A low-cost, one-time intervention that educates teenagers about the changeable nature of personality traits may prevent an increase in depressive symptoms, the findings showed.

"We were amazed that a brief exposure to the message that people can change - during a key transition, the first few weeks of high school - could prevent increases in symptoms of depression," said lead researcher David Scott Yeager from University of Texas at Austin in the US.

Adolescence is a challenging transitional period marked by puberty and also changes in friendship networks and status hierarchy. Research suggests that many lifelong cases of major depression emerge during this developmental period.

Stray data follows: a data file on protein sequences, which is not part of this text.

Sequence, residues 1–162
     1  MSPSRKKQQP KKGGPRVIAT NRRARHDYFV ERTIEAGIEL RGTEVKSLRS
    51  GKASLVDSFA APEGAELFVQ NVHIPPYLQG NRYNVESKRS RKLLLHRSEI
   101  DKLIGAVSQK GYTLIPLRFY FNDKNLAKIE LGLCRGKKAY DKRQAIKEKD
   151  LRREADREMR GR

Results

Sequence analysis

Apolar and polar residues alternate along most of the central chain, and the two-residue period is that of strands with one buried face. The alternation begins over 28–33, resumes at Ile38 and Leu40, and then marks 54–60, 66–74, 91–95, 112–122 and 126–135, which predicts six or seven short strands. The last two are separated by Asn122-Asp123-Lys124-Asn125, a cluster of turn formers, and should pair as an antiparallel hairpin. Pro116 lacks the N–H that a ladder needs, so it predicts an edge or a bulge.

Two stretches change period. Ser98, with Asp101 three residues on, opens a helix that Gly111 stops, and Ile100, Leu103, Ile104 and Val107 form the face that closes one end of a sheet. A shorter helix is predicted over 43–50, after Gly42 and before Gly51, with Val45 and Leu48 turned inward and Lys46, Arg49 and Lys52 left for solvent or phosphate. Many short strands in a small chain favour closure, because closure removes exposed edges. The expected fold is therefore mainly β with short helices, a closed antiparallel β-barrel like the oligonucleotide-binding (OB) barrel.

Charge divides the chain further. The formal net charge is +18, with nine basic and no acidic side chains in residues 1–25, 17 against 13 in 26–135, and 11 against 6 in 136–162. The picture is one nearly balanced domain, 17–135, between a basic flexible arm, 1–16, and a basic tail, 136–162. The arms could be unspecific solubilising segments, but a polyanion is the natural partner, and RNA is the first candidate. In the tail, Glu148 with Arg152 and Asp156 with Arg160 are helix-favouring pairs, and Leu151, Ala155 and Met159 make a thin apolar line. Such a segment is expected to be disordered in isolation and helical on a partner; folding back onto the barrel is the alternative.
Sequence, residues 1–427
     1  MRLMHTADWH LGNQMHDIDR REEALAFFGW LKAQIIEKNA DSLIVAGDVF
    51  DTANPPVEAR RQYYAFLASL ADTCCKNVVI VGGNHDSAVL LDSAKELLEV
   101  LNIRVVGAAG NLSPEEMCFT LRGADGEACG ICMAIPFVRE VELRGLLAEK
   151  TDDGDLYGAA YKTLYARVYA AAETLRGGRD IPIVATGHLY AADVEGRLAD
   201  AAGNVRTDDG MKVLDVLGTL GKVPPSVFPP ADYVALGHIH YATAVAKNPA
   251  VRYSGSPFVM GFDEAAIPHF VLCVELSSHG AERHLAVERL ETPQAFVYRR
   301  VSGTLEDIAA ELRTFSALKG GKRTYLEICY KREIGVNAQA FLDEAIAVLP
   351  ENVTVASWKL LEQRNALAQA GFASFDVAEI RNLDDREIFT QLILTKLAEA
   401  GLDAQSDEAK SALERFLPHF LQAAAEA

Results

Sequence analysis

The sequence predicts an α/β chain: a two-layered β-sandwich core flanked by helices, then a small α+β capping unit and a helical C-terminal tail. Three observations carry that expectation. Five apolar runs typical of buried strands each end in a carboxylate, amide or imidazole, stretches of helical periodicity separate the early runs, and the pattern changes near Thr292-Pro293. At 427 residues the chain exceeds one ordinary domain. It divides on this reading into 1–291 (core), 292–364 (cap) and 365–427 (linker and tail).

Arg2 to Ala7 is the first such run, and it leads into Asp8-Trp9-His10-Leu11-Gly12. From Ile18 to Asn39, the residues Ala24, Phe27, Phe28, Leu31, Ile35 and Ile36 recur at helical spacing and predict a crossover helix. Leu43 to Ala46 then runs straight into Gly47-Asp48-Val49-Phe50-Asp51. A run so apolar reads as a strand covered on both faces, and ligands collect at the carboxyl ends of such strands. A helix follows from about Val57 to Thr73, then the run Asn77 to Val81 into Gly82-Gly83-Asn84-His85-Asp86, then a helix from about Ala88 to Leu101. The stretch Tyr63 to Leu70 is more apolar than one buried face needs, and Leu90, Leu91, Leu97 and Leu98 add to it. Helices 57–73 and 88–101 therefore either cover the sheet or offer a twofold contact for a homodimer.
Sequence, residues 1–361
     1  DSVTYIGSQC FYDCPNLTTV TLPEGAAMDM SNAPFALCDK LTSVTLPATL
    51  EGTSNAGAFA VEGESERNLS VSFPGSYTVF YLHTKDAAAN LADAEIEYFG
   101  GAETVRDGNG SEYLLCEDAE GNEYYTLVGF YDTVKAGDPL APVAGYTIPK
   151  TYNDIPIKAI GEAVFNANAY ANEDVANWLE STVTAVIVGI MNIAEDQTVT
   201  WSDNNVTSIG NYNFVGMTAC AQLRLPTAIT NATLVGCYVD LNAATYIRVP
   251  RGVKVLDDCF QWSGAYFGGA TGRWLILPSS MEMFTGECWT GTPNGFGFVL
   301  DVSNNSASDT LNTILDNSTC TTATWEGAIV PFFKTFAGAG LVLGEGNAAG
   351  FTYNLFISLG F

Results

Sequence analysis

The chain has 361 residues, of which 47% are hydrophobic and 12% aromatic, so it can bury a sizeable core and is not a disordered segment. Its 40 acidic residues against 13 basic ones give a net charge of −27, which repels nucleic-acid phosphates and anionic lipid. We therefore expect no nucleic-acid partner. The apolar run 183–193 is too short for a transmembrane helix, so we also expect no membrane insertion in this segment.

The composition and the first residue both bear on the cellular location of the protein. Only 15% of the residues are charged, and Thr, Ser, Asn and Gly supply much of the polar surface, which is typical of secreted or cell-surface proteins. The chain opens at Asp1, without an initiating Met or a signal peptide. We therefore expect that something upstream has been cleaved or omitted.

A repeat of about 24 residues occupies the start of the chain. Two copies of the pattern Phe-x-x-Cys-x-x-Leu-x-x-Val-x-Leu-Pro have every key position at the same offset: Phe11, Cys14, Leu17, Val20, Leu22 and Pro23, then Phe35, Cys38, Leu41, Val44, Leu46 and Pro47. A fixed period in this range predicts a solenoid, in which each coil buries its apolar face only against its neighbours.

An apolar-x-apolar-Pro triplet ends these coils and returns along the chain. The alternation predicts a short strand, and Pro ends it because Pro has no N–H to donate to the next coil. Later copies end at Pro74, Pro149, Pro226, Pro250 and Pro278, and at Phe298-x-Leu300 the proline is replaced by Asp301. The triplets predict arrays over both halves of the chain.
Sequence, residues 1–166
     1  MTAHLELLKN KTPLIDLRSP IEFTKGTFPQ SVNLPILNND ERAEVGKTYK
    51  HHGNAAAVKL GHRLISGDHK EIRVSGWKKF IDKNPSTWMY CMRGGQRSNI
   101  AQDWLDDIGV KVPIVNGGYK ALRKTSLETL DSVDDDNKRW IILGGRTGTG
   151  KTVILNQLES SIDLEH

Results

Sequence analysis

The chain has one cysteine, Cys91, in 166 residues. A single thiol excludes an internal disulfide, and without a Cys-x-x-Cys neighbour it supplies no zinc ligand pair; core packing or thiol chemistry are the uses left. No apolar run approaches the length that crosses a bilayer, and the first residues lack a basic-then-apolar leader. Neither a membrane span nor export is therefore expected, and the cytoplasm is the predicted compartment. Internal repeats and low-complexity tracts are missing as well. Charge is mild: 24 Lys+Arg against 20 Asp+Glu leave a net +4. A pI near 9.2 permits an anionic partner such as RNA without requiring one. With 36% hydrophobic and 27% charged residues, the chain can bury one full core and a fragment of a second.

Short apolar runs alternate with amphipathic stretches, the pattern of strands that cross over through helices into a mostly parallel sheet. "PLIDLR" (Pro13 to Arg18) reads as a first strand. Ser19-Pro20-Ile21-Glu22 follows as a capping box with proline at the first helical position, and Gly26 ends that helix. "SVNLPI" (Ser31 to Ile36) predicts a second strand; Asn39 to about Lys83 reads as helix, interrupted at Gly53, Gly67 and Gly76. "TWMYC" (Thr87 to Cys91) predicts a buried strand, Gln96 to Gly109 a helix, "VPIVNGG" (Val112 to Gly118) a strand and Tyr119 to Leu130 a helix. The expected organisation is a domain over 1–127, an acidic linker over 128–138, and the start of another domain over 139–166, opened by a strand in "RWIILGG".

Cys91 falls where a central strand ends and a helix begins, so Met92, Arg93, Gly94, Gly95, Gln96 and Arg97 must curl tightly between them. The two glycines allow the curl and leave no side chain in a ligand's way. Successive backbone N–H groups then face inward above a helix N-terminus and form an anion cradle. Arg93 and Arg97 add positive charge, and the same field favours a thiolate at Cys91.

For the study, researchers conducted a longitudinal intervention study with about 600 adolescents. Students were randomly assigned to participate in the treatment intervention or a similar control activity, though they were not aware of the group assessment. A follow-up 9 months later showed that rates of clinically significant depressive symptoms rose by roughly 39 percent among students in the control group, in line with previous research on depression in adolescence.

Students who learned about the malleability of personality, on the other hand, showed no such increase in depressive symptoms, even if they were bullied. The data revealed that the intervention specifically affected depressive symptoms of negative mood, feelings of ineffectiveness and low self-esteem. The study appeared in the journal Clinical Psychological Science.

 

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